The functions of the Hsp70 system

Published on October 1, 2007 Updated on May 16, 2020   35 min

A selection of talks on Cell Biology

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My name is Jeffrey Brodsky, I'm a professor at the University of Pittsburgh. Before I embark on this formidable topic, there are several things I need to point out. First, this is a broad topic and therefore it's important to start with some basic paradigms that drive our understanding of how molecular chaperones function in cells and how certain human diseases arise, either from defects in molecular chaperones, or how chaperones impact the ability of certain human diseases to evolve over time in patients with those diseases. I'd like to begin with a certain myth that I think is commonly held in the field of biological sciences.
The myth is that proteins can fold on their own. In other words, all the information required for protein folding is contained within the primary amino acid sequence of that protein or polypeptide. This myth is actually true when experiments are performed in vitro, because classic studies from Anfinsen and colleagues showed that unfolded or denatured polypeptides in the test tube could refold on their own, assuming that the conditions had been optimized in that in vitro reaction.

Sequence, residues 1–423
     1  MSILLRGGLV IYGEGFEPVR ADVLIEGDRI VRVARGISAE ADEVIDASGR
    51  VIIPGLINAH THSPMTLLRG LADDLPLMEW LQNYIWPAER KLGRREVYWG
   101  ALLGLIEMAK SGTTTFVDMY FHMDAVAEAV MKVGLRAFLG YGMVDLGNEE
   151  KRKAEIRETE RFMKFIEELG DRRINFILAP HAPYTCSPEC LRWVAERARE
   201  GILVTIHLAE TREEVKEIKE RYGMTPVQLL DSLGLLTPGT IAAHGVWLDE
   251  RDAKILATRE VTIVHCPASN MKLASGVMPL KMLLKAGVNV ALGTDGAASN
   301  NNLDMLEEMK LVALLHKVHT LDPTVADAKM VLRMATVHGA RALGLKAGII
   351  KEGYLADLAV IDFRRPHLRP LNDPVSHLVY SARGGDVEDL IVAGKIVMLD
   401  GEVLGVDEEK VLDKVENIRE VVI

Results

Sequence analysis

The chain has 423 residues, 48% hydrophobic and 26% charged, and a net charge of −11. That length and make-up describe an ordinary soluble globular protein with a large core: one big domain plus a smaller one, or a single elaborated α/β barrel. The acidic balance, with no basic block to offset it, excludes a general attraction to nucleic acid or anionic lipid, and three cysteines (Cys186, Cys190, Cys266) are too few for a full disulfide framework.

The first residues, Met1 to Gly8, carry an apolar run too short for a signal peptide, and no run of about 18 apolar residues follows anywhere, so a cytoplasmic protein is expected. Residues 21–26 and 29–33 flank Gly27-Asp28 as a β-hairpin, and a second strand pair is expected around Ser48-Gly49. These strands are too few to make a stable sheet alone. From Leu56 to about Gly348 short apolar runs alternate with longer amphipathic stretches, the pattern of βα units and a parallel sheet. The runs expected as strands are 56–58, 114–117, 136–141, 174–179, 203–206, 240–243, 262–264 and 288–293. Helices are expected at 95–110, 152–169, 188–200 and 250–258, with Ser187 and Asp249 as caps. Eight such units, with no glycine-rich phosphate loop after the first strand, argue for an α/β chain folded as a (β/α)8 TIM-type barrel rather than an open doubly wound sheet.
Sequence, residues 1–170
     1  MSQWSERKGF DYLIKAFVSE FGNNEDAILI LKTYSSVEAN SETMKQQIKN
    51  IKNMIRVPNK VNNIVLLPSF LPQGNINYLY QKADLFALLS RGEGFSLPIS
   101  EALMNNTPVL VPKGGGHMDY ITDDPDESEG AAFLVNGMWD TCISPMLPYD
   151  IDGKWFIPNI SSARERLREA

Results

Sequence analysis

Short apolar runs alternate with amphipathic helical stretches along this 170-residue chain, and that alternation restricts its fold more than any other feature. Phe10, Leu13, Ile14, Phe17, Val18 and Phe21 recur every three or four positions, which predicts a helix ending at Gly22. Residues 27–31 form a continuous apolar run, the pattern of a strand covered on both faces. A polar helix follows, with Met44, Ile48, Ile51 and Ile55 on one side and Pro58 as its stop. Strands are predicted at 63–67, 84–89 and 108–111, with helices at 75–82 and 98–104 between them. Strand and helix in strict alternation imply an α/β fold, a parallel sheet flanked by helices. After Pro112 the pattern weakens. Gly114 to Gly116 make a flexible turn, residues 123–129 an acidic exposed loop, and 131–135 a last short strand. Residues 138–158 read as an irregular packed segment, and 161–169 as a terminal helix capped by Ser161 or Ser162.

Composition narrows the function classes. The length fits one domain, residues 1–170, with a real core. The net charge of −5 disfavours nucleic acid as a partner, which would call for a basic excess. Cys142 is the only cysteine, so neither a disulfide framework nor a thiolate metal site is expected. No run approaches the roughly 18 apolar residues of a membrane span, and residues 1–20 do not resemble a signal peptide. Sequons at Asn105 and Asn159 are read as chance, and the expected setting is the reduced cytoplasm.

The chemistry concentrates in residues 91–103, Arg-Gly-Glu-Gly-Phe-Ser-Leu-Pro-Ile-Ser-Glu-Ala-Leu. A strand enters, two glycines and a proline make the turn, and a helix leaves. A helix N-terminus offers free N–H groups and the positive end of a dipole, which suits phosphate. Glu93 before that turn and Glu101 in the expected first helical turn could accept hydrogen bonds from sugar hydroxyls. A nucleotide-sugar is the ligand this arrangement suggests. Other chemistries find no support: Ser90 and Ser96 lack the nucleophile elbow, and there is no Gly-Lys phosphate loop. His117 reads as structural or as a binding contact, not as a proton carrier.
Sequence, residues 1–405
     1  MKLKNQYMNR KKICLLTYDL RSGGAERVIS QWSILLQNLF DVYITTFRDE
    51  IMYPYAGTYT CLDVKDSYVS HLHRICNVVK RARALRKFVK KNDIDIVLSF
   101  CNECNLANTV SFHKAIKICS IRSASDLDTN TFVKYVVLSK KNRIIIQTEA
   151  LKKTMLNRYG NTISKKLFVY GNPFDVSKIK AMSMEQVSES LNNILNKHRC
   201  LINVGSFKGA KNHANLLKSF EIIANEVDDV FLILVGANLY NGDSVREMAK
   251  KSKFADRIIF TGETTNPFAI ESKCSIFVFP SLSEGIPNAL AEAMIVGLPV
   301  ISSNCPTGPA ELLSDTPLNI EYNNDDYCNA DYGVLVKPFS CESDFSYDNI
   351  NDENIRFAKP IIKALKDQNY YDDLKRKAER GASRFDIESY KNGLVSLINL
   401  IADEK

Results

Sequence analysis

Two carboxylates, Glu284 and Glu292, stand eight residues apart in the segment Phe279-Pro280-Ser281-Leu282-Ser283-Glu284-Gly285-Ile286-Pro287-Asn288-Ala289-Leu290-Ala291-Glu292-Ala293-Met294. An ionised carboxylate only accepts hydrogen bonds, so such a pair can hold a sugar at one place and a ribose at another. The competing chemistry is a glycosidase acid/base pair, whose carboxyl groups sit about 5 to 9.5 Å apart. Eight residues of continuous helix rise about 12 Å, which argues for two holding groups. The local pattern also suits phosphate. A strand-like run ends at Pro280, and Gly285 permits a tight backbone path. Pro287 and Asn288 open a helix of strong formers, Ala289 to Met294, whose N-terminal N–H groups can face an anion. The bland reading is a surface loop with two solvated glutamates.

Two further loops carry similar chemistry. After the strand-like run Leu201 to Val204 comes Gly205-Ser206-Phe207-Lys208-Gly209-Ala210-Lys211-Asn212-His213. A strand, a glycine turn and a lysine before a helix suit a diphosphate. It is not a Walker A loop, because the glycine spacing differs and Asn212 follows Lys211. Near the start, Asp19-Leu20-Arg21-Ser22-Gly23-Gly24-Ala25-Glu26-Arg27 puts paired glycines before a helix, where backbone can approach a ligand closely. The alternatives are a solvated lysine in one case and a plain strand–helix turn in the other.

In truth, the cell is a brutal place for a protein to fold, the cell has not necessarily been optimized to engineer or to allow efficient protein folding to take place, and the reasons for this are as follows. First of all, there's a very high concentration of proteins in the cytoplasm of cells, which by and large represents the major compartment in which protein folding occurs. Second, the cell is exposed to various stresses and these stress conditions can compromise the ability of proteins to fold efficiently. Stresses include heat, oxidizing damage, denaturants and other chemical insults such as heavy metals, that reduce protein folding efficiency. In addition, there are spontaneous and inherited mutations in polypeptides that can arise, and this can significantly reduce the efficiency of protein folding in the cell, something that's not encountered in the test tube.